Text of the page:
Friday, Democratic Erie County Executive Mark Poloncarz called for Dixon and any other public official with ties to Grant to cut them. Spectrum News has been told Grant, who has not been charged with a crime, does not plan to leave the campaign.

“I don’t expect Chris Grant to resign but it’s not up to Chris Grant to resign. It’s up to Lynne Dixon to do the right thing,” Poloncarz said.

The county executive also pointed out Grant’s house was raided by federal agents in connection to allegations which ultimately led to the corruption convictions of Democratic political operative Steve Pigeon and a federal judge. Grant has not been charged in that investigation either.

Through Big Dog Strategies, Grant has served as Dixon’s primary spokesperson, but Friday the campaign released a statement from Bryan Fiume, who also serves as the associate Deputy Erie County Comptroller. Another Big Dog employee was listed as the media contact.

Fiume called Poloncarz “desperate” and his claims “preposterous” and pointed out the county executive has a history of disgraced hires himself, like former Social Services Commissioner Al Dirschberger, who was convicted of raping another county employee.

Poloncarz said when he found out about those allegations he immediately launched an investigation and called for the commissioners resignation before he was even charged.

“Would I have hired him if I knew he was going to have a situation where he would have raped an employee? Of course not,” Poloncarz said. “We never would have hired him. He had a clean resume, a clean background and as I said, Lynne Dixon actually seconded his nomination at the Legisalture.”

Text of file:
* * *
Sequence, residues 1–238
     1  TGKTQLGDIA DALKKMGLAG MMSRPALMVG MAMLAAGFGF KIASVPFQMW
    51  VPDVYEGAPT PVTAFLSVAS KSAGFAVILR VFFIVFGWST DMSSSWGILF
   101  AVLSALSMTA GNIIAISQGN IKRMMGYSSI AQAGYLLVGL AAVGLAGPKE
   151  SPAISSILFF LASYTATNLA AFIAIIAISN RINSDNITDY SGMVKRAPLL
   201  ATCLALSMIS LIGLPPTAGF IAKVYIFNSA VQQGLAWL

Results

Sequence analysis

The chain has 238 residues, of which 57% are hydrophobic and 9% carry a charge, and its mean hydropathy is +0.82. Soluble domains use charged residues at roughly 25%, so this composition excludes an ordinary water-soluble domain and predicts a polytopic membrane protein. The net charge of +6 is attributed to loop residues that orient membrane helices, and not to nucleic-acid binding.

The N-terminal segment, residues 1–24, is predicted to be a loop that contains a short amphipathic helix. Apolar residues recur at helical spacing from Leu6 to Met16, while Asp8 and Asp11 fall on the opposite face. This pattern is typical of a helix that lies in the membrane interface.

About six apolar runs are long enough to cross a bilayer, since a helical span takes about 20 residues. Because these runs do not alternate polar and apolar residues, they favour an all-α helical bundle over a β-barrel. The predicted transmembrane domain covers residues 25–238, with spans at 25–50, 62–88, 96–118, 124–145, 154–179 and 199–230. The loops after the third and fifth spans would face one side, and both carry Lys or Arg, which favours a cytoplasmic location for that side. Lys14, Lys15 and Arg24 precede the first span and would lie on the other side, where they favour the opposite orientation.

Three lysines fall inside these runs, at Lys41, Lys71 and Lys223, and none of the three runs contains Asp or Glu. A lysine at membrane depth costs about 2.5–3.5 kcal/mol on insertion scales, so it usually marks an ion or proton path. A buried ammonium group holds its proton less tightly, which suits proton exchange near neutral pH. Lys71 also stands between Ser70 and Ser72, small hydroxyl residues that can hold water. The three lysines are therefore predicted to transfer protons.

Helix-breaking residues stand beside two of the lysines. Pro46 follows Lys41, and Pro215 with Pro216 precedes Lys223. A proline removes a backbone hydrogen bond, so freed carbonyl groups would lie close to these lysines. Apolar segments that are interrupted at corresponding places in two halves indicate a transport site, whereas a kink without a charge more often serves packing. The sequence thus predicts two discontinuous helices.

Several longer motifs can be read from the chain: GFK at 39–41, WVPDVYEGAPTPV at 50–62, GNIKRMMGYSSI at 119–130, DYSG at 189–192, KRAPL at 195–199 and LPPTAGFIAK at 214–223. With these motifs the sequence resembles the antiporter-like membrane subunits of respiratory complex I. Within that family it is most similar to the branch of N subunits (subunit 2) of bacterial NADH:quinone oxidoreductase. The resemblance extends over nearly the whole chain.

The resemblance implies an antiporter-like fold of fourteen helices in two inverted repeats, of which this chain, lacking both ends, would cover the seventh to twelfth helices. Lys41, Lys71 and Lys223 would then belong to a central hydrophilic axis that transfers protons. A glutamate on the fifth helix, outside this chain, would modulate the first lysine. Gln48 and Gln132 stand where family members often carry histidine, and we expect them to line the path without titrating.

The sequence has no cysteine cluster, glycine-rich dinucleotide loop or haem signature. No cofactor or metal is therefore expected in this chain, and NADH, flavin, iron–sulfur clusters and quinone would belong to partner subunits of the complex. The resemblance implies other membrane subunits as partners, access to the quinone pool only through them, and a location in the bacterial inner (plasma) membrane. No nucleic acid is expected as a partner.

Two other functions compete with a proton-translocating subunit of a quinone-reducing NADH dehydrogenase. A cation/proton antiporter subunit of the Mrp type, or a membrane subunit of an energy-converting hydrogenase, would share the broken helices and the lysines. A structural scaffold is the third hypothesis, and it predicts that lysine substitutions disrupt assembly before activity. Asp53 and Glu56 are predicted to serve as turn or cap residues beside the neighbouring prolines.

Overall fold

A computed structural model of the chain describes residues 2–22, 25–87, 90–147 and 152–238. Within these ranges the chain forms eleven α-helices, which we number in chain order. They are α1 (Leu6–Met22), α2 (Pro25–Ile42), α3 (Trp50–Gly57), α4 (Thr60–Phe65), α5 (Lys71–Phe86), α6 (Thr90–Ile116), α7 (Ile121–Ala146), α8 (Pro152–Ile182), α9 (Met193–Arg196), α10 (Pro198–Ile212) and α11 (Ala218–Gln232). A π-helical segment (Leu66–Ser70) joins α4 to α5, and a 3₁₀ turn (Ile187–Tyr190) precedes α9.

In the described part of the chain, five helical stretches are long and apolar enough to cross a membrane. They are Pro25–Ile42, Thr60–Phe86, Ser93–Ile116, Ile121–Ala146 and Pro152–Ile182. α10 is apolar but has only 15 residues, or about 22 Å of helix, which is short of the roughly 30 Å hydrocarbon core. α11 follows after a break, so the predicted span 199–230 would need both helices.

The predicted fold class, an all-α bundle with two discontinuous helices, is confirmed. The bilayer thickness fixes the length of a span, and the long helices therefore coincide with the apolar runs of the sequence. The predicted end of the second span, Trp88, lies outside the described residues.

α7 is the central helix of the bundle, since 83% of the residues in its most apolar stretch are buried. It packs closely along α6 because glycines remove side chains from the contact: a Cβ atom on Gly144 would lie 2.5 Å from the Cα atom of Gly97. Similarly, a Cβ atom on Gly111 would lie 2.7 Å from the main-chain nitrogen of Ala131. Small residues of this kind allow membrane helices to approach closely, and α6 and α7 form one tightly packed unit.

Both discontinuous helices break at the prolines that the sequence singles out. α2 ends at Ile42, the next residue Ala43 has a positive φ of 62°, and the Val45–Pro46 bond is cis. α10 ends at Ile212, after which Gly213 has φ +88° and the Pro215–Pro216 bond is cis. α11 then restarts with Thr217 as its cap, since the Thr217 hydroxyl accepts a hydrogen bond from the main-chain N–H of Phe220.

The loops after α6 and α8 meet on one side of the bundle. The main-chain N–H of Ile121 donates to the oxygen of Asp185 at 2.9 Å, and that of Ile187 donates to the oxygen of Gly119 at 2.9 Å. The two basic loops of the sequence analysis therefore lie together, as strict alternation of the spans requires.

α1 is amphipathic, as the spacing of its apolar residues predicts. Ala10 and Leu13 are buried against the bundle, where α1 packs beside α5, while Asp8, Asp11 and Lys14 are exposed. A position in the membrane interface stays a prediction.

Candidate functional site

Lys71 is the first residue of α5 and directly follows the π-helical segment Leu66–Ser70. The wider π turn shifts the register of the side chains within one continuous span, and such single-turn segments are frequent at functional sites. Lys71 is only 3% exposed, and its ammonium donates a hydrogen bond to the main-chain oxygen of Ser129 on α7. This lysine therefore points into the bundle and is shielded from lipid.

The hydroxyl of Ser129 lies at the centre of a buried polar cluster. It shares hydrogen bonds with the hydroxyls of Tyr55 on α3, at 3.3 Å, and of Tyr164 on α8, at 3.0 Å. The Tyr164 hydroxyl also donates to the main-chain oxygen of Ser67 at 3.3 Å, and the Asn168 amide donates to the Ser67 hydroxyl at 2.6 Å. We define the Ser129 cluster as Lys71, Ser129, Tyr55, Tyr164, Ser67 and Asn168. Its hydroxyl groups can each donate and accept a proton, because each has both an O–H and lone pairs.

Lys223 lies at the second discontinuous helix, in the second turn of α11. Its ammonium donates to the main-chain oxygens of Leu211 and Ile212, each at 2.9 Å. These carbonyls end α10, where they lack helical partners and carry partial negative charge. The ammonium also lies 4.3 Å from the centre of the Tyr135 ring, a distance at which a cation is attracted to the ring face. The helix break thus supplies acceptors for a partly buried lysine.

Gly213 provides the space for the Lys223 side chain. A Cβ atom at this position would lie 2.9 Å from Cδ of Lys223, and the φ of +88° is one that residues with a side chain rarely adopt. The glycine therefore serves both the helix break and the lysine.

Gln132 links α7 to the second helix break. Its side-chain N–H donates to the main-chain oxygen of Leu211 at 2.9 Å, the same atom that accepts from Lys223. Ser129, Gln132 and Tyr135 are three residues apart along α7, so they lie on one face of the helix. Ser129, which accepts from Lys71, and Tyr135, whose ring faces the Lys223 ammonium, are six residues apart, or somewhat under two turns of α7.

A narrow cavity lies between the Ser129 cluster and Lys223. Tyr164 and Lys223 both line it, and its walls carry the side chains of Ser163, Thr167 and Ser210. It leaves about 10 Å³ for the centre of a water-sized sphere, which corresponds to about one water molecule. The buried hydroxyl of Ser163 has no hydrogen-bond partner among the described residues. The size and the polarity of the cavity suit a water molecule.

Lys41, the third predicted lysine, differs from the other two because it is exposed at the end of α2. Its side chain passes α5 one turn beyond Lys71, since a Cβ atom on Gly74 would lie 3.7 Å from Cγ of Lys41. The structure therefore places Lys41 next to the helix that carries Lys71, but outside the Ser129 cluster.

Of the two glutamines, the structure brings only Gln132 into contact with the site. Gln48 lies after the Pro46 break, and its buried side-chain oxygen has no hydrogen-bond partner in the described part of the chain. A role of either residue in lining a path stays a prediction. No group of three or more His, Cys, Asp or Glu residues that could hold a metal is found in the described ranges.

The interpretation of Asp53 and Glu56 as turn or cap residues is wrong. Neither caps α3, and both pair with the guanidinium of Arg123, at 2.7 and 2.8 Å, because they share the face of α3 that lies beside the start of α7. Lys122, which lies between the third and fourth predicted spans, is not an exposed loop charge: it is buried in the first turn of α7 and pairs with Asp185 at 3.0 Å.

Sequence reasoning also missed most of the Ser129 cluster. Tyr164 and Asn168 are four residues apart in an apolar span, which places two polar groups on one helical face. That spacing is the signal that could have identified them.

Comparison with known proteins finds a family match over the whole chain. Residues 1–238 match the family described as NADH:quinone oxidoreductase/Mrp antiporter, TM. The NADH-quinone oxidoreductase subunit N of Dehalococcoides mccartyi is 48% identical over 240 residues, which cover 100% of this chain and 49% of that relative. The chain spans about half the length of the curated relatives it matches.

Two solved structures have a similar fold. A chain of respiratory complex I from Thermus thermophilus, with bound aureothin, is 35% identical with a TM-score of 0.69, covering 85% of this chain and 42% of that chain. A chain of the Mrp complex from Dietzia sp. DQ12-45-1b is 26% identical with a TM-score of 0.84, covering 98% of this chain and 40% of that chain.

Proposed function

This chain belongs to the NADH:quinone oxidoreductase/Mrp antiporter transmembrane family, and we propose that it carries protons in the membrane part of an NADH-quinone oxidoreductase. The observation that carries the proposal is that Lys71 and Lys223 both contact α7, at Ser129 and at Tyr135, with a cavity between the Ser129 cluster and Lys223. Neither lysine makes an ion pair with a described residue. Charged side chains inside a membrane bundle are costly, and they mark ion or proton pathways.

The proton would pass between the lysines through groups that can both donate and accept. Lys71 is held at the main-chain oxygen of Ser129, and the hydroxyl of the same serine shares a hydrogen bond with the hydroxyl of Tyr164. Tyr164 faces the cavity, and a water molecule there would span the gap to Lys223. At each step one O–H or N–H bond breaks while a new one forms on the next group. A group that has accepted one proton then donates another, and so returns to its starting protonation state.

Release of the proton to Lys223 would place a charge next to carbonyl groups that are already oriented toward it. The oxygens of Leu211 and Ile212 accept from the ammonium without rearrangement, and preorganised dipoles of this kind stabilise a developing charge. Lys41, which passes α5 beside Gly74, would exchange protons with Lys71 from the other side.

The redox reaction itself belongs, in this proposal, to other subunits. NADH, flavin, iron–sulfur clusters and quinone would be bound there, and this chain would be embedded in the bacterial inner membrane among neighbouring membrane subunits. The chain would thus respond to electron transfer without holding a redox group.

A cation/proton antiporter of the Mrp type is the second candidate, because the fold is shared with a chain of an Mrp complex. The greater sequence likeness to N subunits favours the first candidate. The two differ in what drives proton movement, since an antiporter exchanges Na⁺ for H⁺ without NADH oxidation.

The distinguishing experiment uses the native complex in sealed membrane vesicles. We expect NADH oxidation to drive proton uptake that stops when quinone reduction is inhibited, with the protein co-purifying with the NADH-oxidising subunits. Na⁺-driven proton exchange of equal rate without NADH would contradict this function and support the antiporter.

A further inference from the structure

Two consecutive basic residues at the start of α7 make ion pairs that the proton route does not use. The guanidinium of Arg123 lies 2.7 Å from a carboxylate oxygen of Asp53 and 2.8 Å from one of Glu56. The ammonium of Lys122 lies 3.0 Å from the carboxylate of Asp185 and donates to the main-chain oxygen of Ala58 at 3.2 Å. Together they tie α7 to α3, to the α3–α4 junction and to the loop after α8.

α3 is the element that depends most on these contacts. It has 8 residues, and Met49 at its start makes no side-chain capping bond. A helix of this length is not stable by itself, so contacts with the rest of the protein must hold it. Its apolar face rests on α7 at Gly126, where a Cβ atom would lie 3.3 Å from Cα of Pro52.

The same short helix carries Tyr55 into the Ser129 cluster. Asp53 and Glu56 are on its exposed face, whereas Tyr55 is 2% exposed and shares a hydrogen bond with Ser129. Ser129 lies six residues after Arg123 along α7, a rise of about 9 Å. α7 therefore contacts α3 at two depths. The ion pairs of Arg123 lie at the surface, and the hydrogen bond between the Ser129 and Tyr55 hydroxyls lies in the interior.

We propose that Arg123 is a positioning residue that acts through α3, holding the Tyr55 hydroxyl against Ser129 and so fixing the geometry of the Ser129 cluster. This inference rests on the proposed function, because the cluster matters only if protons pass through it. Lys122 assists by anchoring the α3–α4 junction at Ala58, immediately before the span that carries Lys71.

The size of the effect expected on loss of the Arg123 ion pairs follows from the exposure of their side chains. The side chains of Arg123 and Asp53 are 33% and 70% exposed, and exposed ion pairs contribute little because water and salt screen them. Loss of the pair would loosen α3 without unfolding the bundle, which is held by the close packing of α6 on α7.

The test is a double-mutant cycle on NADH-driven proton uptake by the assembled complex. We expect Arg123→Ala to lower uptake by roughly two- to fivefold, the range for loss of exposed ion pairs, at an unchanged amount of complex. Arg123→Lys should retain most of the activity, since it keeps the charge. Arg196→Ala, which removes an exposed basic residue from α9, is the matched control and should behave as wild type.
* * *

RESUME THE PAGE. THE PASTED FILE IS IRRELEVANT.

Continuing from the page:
According to the affidavit, developer Gerald Buchheit was also among the Collins associates who dumped Innate stock. Buchheit and his company have made campaign contributions to numerous politicians, including Dixon.

Since 2017, he’s donated more than $15,000 to Poloncarz as well.

“I’m going to return every donation that Mr. Buchheit has made in the last year,” he said.

State Democratic Party Chair Jay Jacobs also called on Dixon to “denounce and disassociate” herself with Grant. He said a culture of corruption “permeates the Erie County Republican Committee.”

ECRC Chair Nick Langworthy is the incoming GOP State Party chairman.

Invest Buffalo Niagara Will Roll Out ‘Attraction Strategy’ Soon

From the Morning Memo:

The Seneca One Tower, formerly known as the HSBC Tower, has long been a symbol of what’s wrong with Buffalo.

The city’s tallest building has been lacking tenants for years now and most recently, for all intents and purposes was vacant. Now city and economic development officials are holding it up as a positive symbol with the announcement M&T Bank is moving at least 1000 jobs into it and opening a new technology hub.